Barr: Holding post office accountable part of my job description
I met with postal workers in Lexington last Sunday for thoughtful discussion about the future of the United States Postal Service. This discussion is long overdue, and I wish the Herald-Leader editorial board could put aside its political agenda and join us.
It's my job to listen to constituents. Accessibility remains my core commitment to the people of the Sixth Congressional District — a promise I am keeping as I visit communities across our district every week.
The Herald-Leader's editorial not only ignores this fact, it suggests that by meeting with postal workers, I somehow compromised my principles.
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In fact, the Constitution expressly gives Congress authority over the Postal Service. Consequently, Congress has a continuing duty to oversee postal operations, and an ongoing responsibility to postal employees.
That's why I made it my priority last weekend to solicit employees' ideas on increasing Postal Service efficiency, and why I immediately demanded detailed economic justification from the USPS when it reversed a 2012 decision and announced closure of the Nandino processing center.
While the USPS uses a private business model, it remains a government agency. Holding it accountable for how it spends money is not only consistent with my philosophy of limited government, it is required by it.
It is a sad commentary on the state of our politics when a congressman cannot meet with his constituents without the local paper exploiting that fact for its own political agenda. The message from my constituents remains clear: People want solutions, not more partisan politics.
U.S. Rep. Andy Barr
Downtown parking rip-off
Josh Kegley, the newest member of the city and police department PR department, glaringly omitted in the Herald-Leader's parking story last Sunday the cost to the voters of the hearing officer (a local attorney) who deals with appeals of the parking tickets. Perhaps if he had not been so fixated on the word "scofflaw," he may have actually made an objective attempt at reporting.
The story fails to state exactly how much profit Republic Parking Services (a private business) is getting by acting on behalf of the local government. Those of us who have to work downtown are aware of the numerous problems with the system, including malfunctioning kiosks in extreme cold and rainy weather. And, when you call and get a "pass," the monitors are not told and you get a ticket anyway.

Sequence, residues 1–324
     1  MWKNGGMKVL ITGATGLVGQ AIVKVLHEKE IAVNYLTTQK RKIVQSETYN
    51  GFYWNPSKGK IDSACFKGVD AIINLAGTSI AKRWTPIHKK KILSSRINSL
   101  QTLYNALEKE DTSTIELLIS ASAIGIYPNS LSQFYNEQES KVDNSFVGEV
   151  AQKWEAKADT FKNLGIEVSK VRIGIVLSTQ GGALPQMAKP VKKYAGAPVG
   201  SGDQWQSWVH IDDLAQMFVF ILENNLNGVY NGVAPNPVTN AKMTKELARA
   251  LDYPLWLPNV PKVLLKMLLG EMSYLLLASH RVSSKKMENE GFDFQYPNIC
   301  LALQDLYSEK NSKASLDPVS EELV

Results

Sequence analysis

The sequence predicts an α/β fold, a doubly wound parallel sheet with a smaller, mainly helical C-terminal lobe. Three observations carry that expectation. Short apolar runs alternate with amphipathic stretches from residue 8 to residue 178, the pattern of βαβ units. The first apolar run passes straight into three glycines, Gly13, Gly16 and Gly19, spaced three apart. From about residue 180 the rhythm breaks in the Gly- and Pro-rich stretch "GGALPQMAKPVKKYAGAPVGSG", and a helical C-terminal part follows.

The real purpose of this scheme is to force people who work downtown to buy parking from Republic at one of its lots or garages to avoid the constant hassles of this system. And guess what? There are cities which really want to have thriving downtowns and offer free parking.
When I retire, I will never go downtown again — there is no reason to, and the hassle of getting a $15 ticket for being one minute late is enough to deter me. And I will not bother reading what used to be a genuine newspaper with an investigative reporter on board.
Witch hunt at EKU
I find myself appalled at the lack of responsibility that Eastern Kentucky University has taken with regard to the Center for the Arts. The Herald-Leader's recent article was so misleading and quite frankly appears as a witch hunt to blame Debra Hoskins for all negative issues surrounding the center.
It is a miracle that there was an opening season considering that Hoskins was hired in February and managed to put together in seven short months an outstanding lineup of first-class entertainment.
The chairman of the board of the center, EKU President Doug Whitlock, insisted that the opening not be delayed although at the time of Hoskins' hiring only two events had been scheduled. To ask someone to come into a new situation, without an orientation, without a financial director, without proper computer systems available is unbelievable.
A bureaucracy that was in over its head and had no realistic idea of how these venues are managed was so fortunate to have Hoskins. Instead of trashing her reputation for being able to bring excellent and diverse entertainment to small-town America, Richmond and Danville, EKU might be better served by looking inward and inquiring just how its money is spent. Large travel expenses do not fill seats.
Won't it be interesting to see attendance for the coming years?
Keep local food at UK
The cost of higher education is increasing. I should know: I am a graduating senior in the sustainable agriculture program at the University of Kentucky. I have leveraged my future earnings to secure an interdisciplinary education in the re-emerging field of agriculture. Drawing from a broad range of disciplines, like soil science, human nutrition, agricultural ecology, managerial economics and environmental sociology, I have worked hard to realize a nuanced understanding of our local, regional, national and global food systems. This understanding evaluates food systems by their environmental stewardship, economic profitability and social responsibility.
Despite the debts I have incurred, I still feel that I owe something more.